What is the formula for calculating payments on a variable rate mortgage in Canada?

(This source says variable rate mortgages are compounded differently than fixed rate mortgages)

Concrete example: what is the weekly payment on a $500,000 mortgage at 3% amortized over 25 years assuming prime rate does not change during that time

3 Answers 3


Short answer

monthly_payment = PMT(rate/12, amortization_in_years*12, principal) 
weekly_payment = monthly_payment * 12 / 52

Long answer

Variable rate mortgages in Canada are often compounded monthly, but sometimes semi-annually according to this post on RedFlagDeals from 2009:

As per law the fixed rates mortgages in Canada are compounded semi annually while in variable rate mortgages banks can chose the way they compound the interest. Most banks compound the interest for their variable rate mortgages as monthly while some banks such as National Bank, ING Direct and Scotiabank on one of its variable mortgage compound the interest semi annually.

For monthly payments compounded monthly:

monthly_payment = PMT(rate/12, amortization_in_years*12, principal) 
                = PMT(0.03/12, 25*12, 500000)
                = -2371.06

This result matches the mortgage calculators at RBC, BMO and TD.

For monthly payments compounded semi-annually:

monthly_rate = (1+(rate/2))^(2/12)-1 
             = (1+(0.03/2))^(2/12)-1
             = 0.002484516

monthly_payment = PMT(monthly_rate, amortization_in_years*12, principal) 
                = PMT(0.002484516, 25*12, 500000)
                = -2366.23

This result matches the mortgage calculator at National Bank.

For weekly payments:

weekly_payment = monthly_payment * 12 / 52
               = -2371.05 * 12 / 52
               = -547.17

Each bank seems to calculate weekly payments slightly differently: RBC $547.17, BMO $544.77 and TD $545.02. As suggested by @brian, this formula gives us a rough answer by just dividing the total year's payments into weeks.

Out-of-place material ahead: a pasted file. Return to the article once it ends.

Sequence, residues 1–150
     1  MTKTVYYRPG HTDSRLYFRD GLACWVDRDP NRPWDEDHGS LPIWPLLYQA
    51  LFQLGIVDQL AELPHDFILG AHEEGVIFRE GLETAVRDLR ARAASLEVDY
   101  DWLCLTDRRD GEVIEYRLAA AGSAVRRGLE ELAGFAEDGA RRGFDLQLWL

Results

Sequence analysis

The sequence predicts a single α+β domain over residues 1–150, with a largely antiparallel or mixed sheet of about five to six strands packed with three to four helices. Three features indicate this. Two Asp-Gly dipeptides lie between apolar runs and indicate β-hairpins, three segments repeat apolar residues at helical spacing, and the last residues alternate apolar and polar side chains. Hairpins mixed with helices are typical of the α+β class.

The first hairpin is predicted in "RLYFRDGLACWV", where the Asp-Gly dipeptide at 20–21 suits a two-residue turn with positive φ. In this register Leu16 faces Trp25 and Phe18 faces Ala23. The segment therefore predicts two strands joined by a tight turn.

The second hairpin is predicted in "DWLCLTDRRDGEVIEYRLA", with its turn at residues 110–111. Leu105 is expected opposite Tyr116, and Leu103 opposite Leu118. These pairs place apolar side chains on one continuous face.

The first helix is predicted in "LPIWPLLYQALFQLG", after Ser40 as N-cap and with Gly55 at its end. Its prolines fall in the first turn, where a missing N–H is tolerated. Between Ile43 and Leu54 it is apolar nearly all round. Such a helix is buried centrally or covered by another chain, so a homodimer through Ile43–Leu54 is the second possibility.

• +1 You appear to be correct. "Variable rate mortgage interest is compounded monthly, unlike in a fixed rate mortgage (semi-annual)." - link Jul 9, 2014 at 15:18
  • I stared at that (1+(rate/2))^(2/12)-1 for a little bit. Mathematically, X^(1/n) says to me "the rate which when compounded n times, produces rate X. (where X is > 1.0) But I'm still trying to wrap my head around the idea of dividing an advertised rate by the number of periods (e.g. annual rate by 12)... i.e. The fact that a bank advertises an annual 3%, but if you were to borrow 100 dollars, you'd owe $103.04 at the end of that year. That's baffling to me. It seems like an arbitrary deviation from common sense, just to add some fuzz.
    – pf_init_js
    Jun 2, 2022 at 8:04
  • The interest Act of Canada, section 6 applies to fixed interest rates on mortgages, and it is where it is stipulated that the interests be recalculated annually or semi annually. laws-lois.justice.gc.ca/eng/acts/i-15/FullText.html . All banks prefer semi-annually, so that's what they all seem to be doing for the fixed rates.
    – pf_init_js
    Jun 4, 2022 at 6:55

According to this calculator

Weekly payment $544.77

The math is complicated. Variable mortgages are usually, or always AFAIK, compounded monthly. The rate quoted is an APR specified by law using a formula found here

APR = (C/(T×P)) × 100


APR is the annual percentage rate cost of borrowing; C is an amount that represents the cost of borrowing within the meaning of section 5 over the term of the loan; P is the average of the principal of the loan outstanding at the end of each period for the calculation of interest under the credit agreement, before subtracting any payment that is due at that time; and T is the term of the loan in years, expressed to at least two decimal points of significance.